Indonesia: The Revenge Of The Fallen


July 18, 2009: While the official count won't be available for another week, polls show that president Susilo Bambang Yudhoyono won reelection. Yudhoyono set up and backed an anti-corruption effort that has been successful, and very popular. Yudhoyono also cracked down on a lot of the cronyism and favoritism that fed the corruption for decades, and hobbled economic growth.

Indonesia will increase its defense budget 20 percent for next year. This year's spending is $4 billion. It was $3 billion in 2007 and 2.6 billion in 2006. Most of the additional money in the past few years has gone to maintenance. Ships and aircraft have been largely out of service, or dangerous to operate, because of low defense spending over the last decade. Ships and aircraft are particularly essential for a country that consists of 6,000 inhabited islands (and twice as many uninhabited ones.)

July 17, 2009: Suicide bombers, who had registered as guests, attacked two luxury tourist hotels in the capital, leaving eight dead and some 50 wounded. Splinter elements of Islamic terrorist group, Jemaah Islamiah (JI), were the prime suspects. That's because terrorism experts have been warning that JI (a local group that models itself on al Qaeda), while much diminished after a series of terror attacks between 2002-5, still has adherents who are eager to kill for the cause. But Indonesia proved to be a hostile environment for Islamic radicals. While a few percent of Indonesians embraced the conservative form of Islam Saudi Arabia has been exporting for decades (with missionaries and money for mosques and religious schools), the majority preferred the milder form of Islam that had developed when pre-Islamic religions merged with Islam over the last 800 years. This sort of religious blend, which is common throughout the world, with other religions as well as Islam, is considered heresy by Islamic radicals (who first appeared in the 1970s).

The 2002-5 terrorist attacks mobilized public opinion against JI, and hundreds of key members were arrested. This included most of those responsible for the attacks that killed hundreds of people. But some of the terrorists fled the country, and others went into hiding. Terrorism experts believe that those who went deep underground, have been developing more careful methods of operating, to avoid being turned in by the many Indonesians who oppose Islamic radicalism. But in the wake of the two recent attacks, police believe they know some of those responsible, and will catch most of those responsible for planning and carrying out this attack.

An unexploded bomb was found and defused in one of the hotels, and a car bomb went off elsewhere in the capital, killing two. So far, no one has taken credit for the attacks. This is not unusual, as Islamic terrorists in countries with strong anti-Islamic terrorist attitudes, the terrorists know it's safer just to terrorize and not give the police any additional information by issuing a press release.

July 16, 2009:  In Papua, near the Grasberg mining complex, there have been five encounters, with one or more armed men, in the past five days. Shots were fired each time, and so far, three are dead and 12 wounded. All the attacks have occurred on a 65 kilometer long road between the nearest large town (Timika) and the mine, and police have warned mine employees to avoid the road.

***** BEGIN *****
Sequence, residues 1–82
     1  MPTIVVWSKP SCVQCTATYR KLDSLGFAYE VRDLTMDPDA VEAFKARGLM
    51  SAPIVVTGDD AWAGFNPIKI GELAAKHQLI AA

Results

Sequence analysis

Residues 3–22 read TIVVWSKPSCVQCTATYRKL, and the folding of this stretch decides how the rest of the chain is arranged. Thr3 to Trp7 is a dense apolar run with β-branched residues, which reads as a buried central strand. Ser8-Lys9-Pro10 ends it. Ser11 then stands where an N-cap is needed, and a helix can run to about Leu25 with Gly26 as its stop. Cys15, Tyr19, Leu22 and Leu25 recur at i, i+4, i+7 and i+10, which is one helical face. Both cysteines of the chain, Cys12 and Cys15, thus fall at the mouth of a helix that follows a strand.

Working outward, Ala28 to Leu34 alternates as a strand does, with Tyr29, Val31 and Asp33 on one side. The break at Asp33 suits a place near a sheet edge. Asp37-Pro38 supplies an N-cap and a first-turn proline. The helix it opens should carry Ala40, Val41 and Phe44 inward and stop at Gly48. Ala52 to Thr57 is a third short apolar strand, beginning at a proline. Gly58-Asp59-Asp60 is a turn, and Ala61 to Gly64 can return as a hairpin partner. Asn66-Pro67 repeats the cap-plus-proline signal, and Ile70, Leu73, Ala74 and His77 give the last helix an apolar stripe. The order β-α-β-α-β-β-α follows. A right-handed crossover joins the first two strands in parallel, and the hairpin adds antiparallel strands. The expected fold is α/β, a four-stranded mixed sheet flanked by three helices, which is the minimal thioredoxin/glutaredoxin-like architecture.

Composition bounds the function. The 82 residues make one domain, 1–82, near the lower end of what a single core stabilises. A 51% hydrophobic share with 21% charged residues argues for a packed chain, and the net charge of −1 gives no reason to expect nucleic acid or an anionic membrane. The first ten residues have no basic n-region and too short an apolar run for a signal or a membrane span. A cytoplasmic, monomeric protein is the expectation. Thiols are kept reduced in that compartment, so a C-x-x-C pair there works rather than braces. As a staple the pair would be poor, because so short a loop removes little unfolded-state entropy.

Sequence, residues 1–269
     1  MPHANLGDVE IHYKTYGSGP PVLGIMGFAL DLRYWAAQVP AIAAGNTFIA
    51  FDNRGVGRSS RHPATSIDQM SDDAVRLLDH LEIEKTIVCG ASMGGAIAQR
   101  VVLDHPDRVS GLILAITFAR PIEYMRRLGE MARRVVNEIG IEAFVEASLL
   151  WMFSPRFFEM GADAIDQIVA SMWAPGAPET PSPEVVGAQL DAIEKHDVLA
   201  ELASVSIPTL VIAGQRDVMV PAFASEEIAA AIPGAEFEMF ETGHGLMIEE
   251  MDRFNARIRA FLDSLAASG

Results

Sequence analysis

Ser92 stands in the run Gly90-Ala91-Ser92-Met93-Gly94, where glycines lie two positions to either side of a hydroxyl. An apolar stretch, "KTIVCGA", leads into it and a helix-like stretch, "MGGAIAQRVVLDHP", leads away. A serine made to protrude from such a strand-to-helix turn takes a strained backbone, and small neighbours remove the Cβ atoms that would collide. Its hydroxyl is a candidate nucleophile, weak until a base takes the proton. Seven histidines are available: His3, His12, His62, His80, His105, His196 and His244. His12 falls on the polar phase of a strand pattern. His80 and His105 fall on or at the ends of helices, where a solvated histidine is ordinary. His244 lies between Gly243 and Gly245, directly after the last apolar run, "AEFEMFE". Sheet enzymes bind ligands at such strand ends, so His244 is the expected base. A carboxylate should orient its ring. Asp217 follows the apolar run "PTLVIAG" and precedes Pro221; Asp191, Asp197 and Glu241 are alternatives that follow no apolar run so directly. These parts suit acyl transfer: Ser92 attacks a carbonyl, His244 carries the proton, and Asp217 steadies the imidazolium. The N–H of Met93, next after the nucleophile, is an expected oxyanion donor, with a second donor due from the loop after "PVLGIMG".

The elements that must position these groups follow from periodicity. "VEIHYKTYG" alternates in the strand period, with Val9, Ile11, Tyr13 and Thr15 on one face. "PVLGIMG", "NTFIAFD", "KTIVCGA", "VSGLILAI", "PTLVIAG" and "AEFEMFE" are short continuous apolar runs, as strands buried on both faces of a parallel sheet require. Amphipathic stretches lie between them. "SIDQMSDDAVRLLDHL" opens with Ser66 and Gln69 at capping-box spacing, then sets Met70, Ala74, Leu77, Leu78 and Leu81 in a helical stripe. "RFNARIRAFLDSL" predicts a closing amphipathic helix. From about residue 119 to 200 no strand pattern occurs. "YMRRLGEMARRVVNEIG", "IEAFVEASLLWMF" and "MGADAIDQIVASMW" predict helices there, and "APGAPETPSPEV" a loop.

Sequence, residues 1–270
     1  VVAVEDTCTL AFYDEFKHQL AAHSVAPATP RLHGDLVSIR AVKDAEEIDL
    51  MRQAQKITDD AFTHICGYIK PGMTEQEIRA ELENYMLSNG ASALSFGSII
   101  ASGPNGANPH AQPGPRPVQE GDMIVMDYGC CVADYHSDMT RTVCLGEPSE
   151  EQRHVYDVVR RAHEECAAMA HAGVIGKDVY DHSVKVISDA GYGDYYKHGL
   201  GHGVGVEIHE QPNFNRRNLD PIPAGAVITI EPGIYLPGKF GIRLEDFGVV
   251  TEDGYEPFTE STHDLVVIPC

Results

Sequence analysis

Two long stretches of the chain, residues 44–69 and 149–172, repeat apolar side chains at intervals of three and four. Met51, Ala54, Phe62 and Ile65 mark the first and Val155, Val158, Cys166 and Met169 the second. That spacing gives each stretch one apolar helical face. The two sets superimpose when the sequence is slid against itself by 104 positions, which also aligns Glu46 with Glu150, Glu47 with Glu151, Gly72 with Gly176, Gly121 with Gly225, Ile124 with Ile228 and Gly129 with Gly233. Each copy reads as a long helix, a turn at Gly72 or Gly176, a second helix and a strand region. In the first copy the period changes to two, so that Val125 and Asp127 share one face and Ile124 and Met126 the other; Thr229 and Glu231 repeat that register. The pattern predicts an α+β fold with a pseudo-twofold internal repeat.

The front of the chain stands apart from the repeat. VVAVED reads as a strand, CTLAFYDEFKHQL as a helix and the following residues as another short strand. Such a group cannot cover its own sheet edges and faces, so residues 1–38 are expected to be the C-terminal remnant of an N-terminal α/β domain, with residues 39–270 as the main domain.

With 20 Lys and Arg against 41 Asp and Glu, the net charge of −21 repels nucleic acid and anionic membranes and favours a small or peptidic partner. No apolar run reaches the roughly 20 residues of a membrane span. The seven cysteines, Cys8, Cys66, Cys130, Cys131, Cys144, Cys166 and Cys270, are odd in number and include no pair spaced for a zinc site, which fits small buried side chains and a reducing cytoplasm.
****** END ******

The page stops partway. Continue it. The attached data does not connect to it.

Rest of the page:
July 13, 2009: Police said the OPM Papuan separatist rebels were suspects for recent shootings, but OPM denied any involvement. Police reported that the bullets indicate the use of a high velocity, possibly military type, rifle. Locals believe the shooting is the result of a feud by gangs that extract gold from the ore that the mine has already processed. These gangs are believed to contain some company employees, and/or members of the police. Corruption and criminal behavior in an operation as large as Grasberg is expected, but the use of high power rifles to attack other employees and the police seems odd.

July 12, 2009: In Papua, a security guard at the site of yesterday's attack was killed by gunfire, and two others were wounded. Two policemen were wounded in a gun battle that following the killing. Another dead policeman was later found 20 kilometers away. Police said the OPM Papuan separatist rebels were suspects.

July 11, 2009:  In Papua, a car with five Grasberg employees was ambushed, and an Australian employee was hit five times and killed.

July 8, 2009: Presidential elections were held, with polls showing incumbent Susilo Bambang Yudhoyono far in the lead for another five year term.

In Papua, someone set several fires at the Grasberg gold (and copper) mine. This operation employs 20,000 people, and plans to produce 2.2 million ounces of gold this year, and 1.3 billion pounds of copper (up from 1.2 million ounces of gold this year, and 1.1 billion pounds of copper last year.) Gold is currently selling for about $930 an ounce, and copper for about $2.30 per pound. That means Grasberg is producing about $2 billion worth of gold, and $2.5 billion worth of copper this year. It's the biggest business in Papua, and the largest source of tax income for the national government.

July 6, 2009: Conservative clerics called for top Islamic scholars to ban Facebook for Moslems (because men and women can communicate and arrange illicit sexual encounters). This caused a public outcry by Moslem Internet users who point out the positive benefits of social networking sites. As usual, the conservative clerics demonstrated how small their constituency is, and how unpopular their views are.




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